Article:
Day Twenty-Eight: A trip I can’t forget. (Baguio)
We didn’t have a fixed itenerary. The plan was to go there, visit some touristy places, and eat. Going to Baguio has become, for me, like going to a friend’s house — a friend who lives six hours away by bus.
I can’t remember exactly why I invited Rodj. I think it was because he was a bit depressed that time and I wanted to cheer him up; I was also itching to get out of Manila and wanted to have just one travel companion. Or maybe because I was already into him at that time. So I invited him to Baguio. It was our first out-of-town trip together.
We stayed at the Baguio Village Inn, a quaint old place made mostly from old wood. We ate at various places, some neither of us tried before. We went to a little fake cemetery in Camp John Hay, the Slaughterhouse district, and my favorite indie bookstore.
We went to the Bencab Museum; it was my first time to enter it. There was an exhibit from Gerilya, a local group of street artists, ongoing at that time and we enjoyed how the group poked fun at the Cordillera tourist culture.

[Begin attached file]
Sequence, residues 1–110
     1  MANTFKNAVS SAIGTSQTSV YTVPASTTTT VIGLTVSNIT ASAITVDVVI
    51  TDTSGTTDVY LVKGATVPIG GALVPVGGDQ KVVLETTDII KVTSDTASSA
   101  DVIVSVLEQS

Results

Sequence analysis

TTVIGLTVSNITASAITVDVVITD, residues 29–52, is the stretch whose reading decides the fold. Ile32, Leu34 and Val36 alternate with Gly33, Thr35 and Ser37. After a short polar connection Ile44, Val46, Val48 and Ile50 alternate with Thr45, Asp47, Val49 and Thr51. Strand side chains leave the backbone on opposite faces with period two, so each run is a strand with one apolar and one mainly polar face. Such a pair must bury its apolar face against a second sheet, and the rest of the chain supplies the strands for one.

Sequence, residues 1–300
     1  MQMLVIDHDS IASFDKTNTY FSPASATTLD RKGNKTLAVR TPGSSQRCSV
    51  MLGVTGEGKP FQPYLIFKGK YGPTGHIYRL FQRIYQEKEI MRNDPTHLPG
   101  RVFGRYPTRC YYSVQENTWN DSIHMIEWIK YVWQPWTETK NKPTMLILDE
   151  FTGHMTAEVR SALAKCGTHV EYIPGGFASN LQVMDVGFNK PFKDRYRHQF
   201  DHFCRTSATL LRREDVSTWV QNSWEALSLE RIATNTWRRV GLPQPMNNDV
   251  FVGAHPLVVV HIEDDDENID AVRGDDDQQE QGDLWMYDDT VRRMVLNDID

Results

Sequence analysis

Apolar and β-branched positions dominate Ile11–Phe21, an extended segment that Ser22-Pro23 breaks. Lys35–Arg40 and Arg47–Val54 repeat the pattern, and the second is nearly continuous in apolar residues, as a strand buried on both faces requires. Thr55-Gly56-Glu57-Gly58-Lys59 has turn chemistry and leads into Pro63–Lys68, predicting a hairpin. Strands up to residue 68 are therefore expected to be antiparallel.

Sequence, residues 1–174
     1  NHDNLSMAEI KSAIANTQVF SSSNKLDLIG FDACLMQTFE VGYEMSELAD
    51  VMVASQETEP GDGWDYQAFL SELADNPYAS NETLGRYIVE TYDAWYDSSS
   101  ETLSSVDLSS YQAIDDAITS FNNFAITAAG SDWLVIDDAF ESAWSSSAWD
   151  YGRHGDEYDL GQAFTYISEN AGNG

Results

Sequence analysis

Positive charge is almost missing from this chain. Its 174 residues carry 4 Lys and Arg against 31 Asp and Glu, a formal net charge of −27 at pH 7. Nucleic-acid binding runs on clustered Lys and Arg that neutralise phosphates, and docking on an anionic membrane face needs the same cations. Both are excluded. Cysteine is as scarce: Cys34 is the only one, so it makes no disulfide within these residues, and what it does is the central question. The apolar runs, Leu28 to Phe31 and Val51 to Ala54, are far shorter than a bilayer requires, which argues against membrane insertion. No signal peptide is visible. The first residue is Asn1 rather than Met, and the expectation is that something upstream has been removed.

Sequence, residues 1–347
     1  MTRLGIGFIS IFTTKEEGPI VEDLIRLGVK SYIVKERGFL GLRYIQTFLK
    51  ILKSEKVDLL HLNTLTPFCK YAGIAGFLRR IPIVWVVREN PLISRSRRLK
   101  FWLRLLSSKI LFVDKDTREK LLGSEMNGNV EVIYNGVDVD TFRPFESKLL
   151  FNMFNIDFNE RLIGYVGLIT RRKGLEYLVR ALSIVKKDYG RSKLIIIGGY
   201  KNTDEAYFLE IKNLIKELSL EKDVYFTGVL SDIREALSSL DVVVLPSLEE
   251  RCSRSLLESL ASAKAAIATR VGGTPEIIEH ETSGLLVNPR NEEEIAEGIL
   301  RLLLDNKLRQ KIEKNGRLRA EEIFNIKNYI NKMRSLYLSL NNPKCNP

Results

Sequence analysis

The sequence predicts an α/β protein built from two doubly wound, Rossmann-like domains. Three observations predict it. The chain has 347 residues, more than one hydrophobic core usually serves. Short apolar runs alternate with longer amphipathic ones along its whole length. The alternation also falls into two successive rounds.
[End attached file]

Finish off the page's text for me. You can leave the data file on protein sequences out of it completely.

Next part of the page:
I visited the museum again, several months later, with other friends. Rodj and I were not talking at the time and museum only reminded me of being there with him previously. There was stab of memory when I finally saw That Thing Called Tadhana, which featured the place. It was also Rodj’s favorite movie from that year.
It was on our second day in Baguio, I think, when I took Rodj to look for the Laperal White House. It was an old, supposedly-haunted house but I cannot find accurate details on how we could commute going there. So I decided we follow Google Maps and walk. Along the way, we passed by a convenience store selling imported ice cream sandwiches. It was a day when we ended up eating in at least six different places. When we finally reached the White House, it was closed to the public.
It is said that some of the Manila middle class would go to Baguio if they wanted some soul searching. It involved purging away unwanted memories while enjoying the cool mountain weather. That idea was played in That Thing Called Tadhana, further codifying Baguio as a local soul-searching destination for people with some time, some money, and too many imagined heartaches.
Except it doesn’t work for me. Baguio has become, over the years, a repository of memories. Going back means opening a mental album of experiences, each place a reminder of someone or something.
Here was the added memory: It was that trip in Baguio with Rodj when I first told him I love him.